New regulation requires all financial institutions in New York City to conduct thorough risk assessments for application security and other IT issues and implement programs to address those risks.
The sweeping General Data Protection Regulation (GDPR) from the European Union (EU) intends to revolutionize the relationships of data holders or processors and the people associated with that data.
Meeting the European Union's GDPR compliance has been a source of continuing difficulty and discussion for businesses.
Follow along with risk and compliance officer Frank Roth as he endeavors to fill in the gaps of an outdated (and incomplete) risk management framework in his new role at a utility company.
Follow the decision-making process of IT director Shira Sutton as she endeavors to avoid security risks and unnecessary business continuity headaches on the journey to cloud transformation.
To remain General Data Protection Regulation (GDPR) compliant, you will need to make sure the right people have the right access. Explore the implications of GDPR on insider threat controls.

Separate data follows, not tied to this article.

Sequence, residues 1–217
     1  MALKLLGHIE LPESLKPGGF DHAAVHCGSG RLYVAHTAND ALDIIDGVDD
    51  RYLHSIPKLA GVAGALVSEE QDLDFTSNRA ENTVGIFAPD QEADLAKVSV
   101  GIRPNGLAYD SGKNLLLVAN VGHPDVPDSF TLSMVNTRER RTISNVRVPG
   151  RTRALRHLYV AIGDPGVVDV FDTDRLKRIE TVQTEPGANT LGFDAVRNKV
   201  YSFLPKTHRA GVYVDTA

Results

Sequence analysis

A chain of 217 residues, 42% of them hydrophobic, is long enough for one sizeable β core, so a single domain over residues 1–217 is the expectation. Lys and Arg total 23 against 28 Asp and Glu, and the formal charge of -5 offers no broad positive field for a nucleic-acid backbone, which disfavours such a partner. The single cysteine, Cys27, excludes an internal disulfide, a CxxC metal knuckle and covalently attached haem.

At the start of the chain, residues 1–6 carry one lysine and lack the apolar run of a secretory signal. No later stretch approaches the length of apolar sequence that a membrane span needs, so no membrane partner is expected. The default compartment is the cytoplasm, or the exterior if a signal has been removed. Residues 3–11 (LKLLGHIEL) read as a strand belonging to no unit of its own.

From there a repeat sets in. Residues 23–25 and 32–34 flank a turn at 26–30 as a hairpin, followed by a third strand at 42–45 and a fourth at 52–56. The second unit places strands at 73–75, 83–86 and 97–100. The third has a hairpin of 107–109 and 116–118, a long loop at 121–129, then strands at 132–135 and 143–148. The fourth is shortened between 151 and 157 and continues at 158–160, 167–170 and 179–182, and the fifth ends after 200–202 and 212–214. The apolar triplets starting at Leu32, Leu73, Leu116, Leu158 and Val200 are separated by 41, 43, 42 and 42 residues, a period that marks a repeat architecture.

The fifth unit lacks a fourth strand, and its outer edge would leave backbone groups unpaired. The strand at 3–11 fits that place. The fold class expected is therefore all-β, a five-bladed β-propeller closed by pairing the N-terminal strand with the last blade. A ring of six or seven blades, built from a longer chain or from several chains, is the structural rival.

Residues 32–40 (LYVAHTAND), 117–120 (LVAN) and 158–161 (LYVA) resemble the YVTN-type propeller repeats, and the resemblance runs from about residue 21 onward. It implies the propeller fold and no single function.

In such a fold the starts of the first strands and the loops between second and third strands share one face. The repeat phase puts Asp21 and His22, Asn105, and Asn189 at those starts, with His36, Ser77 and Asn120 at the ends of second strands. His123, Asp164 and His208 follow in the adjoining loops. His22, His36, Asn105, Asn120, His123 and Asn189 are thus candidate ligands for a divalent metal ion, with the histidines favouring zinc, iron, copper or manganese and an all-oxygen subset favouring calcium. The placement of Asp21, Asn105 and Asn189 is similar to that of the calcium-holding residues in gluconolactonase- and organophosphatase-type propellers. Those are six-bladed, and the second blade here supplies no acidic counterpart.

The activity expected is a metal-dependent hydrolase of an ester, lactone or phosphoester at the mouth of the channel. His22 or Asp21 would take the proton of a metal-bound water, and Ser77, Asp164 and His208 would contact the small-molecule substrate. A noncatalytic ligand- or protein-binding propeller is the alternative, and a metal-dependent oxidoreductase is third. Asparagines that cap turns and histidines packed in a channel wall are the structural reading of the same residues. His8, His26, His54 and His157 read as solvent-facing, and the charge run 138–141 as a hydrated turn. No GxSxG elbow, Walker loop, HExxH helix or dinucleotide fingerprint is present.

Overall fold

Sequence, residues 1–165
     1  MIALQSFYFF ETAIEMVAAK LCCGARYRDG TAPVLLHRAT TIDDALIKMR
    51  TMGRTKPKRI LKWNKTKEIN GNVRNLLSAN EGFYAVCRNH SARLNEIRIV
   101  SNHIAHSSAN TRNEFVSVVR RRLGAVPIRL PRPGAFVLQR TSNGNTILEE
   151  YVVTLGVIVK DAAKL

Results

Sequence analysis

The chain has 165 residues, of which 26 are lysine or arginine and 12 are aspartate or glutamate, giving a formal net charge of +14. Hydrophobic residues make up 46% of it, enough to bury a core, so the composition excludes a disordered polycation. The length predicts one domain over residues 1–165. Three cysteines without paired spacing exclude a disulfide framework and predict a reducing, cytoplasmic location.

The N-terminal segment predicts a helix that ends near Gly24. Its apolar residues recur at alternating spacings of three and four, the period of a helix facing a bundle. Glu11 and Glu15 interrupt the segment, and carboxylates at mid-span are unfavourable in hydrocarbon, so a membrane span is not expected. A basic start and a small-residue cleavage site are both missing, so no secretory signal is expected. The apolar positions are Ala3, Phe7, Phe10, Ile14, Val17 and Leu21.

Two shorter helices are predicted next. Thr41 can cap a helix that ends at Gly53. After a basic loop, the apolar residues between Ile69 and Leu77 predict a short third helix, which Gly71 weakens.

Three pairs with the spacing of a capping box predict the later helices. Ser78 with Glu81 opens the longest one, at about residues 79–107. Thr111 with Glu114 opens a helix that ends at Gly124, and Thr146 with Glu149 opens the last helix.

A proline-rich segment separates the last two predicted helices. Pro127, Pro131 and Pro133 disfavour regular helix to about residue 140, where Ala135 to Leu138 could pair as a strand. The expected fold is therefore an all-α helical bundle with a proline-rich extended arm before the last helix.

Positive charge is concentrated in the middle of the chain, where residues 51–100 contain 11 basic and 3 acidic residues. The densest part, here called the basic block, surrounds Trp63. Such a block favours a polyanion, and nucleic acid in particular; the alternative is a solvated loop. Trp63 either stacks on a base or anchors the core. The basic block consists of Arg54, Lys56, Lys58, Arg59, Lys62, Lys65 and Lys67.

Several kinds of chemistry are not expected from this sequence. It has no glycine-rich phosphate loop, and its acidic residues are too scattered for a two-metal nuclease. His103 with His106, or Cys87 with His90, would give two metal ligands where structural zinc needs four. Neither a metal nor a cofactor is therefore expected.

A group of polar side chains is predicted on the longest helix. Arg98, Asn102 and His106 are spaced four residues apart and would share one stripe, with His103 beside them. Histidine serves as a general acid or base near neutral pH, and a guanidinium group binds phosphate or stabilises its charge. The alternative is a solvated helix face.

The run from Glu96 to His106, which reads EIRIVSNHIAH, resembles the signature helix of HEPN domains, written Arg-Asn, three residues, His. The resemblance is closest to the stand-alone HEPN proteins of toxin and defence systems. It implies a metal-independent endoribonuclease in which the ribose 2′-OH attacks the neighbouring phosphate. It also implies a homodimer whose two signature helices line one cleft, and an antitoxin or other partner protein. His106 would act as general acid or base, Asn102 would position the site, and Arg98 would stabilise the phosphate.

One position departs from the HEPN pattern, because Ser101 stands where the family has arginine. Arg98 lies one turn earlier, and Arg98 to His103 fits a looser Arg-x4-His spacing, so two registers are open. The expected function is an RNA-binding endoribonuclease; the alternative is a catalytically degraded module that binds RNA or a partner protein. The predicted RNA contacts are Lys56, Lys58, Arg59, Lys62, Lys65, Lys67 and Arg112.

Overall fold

The first step toward achieving GDPR readiness is to locate your sensitive assets and identify weaknesses in your data security infrastructure. After all, you can't protect what you don't know.
Risky configurations have led 51 percent of organizations to expose a cloud storage device, according to research report calling for greater attention to cloud security solutions.
A recent survey conducted by IBM Security and the IBM Institute for Business Value found that many organizations around the world are embracing GDPR compliance as an opportunity for innovation.
Organizations preparing for GDPR should reach out to their third-party vendors to clearly define the roles, expectations and responsibilities of data controllers and processors.